hoard and there are many different ways to describe these oats.

  • Thick Oats (oat groats). Thick oats are the least processed. Also sometimes
    called "groats," thick oats include the cereal germ, the bran and the
    endosperm and are uncut. Groats are a type of thick oat, but there are many
    varieties. Groats are the hulled grains of cereals, including not only oats, but
    also wheat, barley or rye. Oat groats are thick and hard to chew. They require
    soaking overnight to make into a porridge.

  • Steel Cut Oats: Also sometimes called Irish oats, steel cut oats are a whole
    grain oat (they also include the cereal germ, the bran and the endosperm).
    These minimally processed whole "oat groats" have been cut by steel into
    small pieces. In other words, they are sliced. Minimal processing means they
    maintain the nutrients from the whole grain, including selenium, thiamine,
    phosphorous, and manganese. They're also a rich source of soluble fiber,
    protein, and vitamins. They are ideal for muffins, cookies and breads.  

  • Rolled Oats: Rolled oats are processed to enhance cooking.

  • Regular rolled oats. Rolled are the entire oat kernel, like the other oats (and still
    include the cereal germ, the bran, and the endosperm), but rolled oats have
    been flattened under heavy rollers, steamed and lightly toasted for
    convenience. Rolled oats are the main ingredient in oatmeal, granola or muesli

  • Quick oats are rolled oats that have been cut further for the convenience of
    even faster cooking.

  • Instant Oats are also rolled oats, but have been cut even smaller than quick
    oats, so you just add hot water. Sugars and flavorings enhance the
    convenience further.

Beware: Oatmeal takes water and fuel to cook!
While oats and oatmeal has many health benefits, the downside of oatmeal is the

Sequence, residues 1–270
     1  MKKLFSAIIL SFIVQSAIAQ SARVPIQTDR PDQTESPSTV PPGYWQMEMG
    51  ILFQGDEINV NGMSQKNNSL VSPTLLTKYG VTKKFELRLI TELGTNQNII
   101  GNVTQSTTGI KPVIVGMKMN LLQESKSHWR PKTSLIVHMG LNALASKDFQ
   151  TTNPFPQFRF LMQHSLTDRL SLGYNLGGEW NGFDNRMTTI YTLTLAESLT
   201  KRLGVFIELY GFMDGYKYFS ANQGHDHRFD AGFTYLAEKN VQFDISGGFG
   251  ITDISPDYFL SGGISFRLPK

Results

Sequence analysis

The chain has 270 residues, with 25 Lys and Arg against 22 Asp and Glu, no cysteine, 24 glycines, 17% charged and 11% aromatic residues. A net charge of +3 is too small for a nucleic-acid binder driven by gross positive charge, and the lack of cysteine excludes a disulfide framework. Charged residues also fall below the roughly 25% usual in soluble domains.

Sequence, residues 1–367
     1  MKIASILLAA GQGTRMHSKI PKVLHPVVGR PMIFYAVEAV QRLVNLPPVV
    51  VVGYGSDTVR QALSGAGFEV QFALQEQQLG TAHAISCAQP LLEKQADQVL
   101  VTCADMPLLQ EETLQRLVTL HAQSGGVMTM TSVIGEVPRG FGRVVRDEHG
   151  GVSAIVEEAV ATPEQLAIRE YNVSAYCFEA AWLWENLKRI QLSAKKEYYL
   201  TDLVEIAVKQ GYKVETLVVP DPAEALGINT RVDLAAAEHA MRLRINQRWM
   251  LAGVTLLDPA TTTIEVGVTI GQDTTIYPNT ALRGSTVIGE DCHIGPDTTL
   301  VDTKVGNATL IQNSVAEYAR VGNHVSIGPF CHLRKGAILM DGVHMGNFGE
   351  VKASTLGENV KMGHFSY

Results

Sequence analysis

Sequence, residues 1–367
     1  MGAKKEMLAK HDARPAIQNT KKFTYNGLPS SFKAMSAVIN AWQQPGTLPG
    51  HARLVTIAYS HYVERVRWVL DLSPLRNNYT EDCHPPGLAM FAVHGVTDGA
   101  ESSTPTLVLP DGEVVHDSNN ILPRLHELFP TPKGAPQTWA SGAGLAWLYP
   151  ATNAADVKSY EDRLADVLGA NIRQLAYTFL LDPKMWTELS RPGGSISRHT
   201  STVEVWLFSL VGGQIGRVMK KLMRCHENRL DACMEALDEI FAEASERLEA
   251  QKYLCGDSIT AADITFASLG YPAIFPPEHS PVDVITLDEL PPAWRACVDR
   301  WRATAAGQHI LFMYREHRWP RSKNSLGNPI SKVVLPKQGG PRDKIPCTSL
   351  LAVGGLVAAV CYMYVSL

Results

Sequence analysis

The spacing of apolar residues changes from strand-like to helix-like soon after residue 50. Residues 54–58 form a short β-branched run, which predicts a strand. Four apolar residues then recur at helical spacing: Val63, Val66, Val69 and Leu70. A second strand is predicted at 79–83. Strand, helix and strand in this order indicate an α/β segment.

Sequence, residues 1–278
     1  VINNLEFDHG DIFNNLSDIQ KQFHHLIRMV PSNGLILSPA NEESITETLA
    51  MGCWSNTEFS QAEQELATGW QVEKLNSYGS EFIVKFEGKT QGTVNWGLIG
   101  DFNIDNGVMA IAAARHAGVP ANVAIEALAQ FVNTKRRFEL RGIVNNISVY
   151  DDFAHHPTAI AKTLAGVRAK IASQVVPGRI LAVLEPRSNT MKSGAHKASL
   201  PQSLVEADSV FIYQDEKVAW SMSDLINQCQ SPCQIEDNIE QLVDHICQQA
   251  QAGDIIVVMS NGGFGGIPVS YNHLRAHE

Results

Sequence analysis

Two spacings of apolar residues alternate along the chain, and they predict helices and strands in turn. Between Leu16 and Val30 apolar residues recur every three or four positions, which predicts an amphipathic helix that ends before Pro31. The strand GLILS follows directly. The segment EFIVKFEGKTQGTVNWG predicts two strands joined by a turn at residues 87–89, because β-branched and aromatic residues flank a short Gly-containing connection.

fuel and it requires lots water to make. For your oats food storage, consider two
ways to cook them:

  • To prepare oatmeal from steel cut oats, you'll need to store adequate water.
    Making porridge requires 4 cups of water for every one cup of oatmeal.

  • A tip for preparing is to soak the oatmeal over night, so that it takes just 9-12
    minutes to boil (instead of a half an hour). When you soak oats overnight in
    cold water to make a cereal – you don’t necessarily need hot water!

So now you know! It's no wonder preppers stock so much grain! It's the reason oats
and oatmeal is #14 on the prepper list of the
37 foods to hoard before crisis.

Ten ways to make prepper's oatmeal less boring:

1. Add chocolate chips (and use almond milk)!
2. Mix in some crunchy peanut butter and chocolate chips.
3. Combine chocolate chips and coconut.
4. Mix in chopped apples, walnuts and sprinkle cinnamon.
5. Chop dried apricots and mix in slivered almonds.
6. Add freeze dried peaches, blueberries or strawberries.
7. Top with chocolate syrup, toasted coconut and chocolate chips.
8. Chop raw almonds, salted cashews and walnuts.
9. Combine chopped bacon, shredded cheddar cheese and scallions.
10. Chocolate syrup, peanuts, chocolate chips, and whipped cream.

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Steel cut oats have a 15-year shelf life